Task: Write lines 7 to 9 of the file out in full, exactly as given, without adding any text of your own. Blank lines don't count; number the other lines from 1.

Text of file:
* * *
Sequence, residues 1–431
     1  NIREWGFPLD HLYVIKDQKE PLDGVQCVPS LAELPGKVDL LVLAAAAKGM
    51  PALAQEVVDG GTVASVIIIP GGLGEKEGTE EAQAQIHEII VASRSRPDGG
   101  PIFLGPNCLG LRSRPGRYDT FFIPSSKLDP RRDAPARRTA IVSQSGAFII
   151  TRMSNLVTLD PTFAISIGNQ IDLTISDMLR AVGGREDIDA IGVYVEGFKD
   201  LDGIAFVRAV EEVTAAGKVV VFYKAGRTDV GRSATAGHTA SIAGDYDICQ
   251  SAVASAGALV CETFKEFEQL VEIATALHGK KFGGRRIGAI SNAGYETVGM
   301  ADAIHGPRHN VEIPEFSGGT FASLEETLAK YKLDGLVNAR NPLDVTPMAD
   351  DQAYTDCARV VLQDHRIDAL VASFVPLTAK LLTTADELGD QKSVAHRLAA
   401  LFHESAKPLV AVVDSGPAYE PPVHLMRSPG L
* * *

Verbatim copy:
   251  SAVASAGALV CETFKEFEQL VEIATALHGK KFGGRRIGAI SNAGYETVGM
   301  ADAIHGPRHN VEIPEFSGGT FASLEETLAK YKLDGLVNAR NPLDVTPMAD
   351  DQAYTDCARV VLQDHRIDAL VASFVPLTAK LLTTADELGD QKSVAHRLAA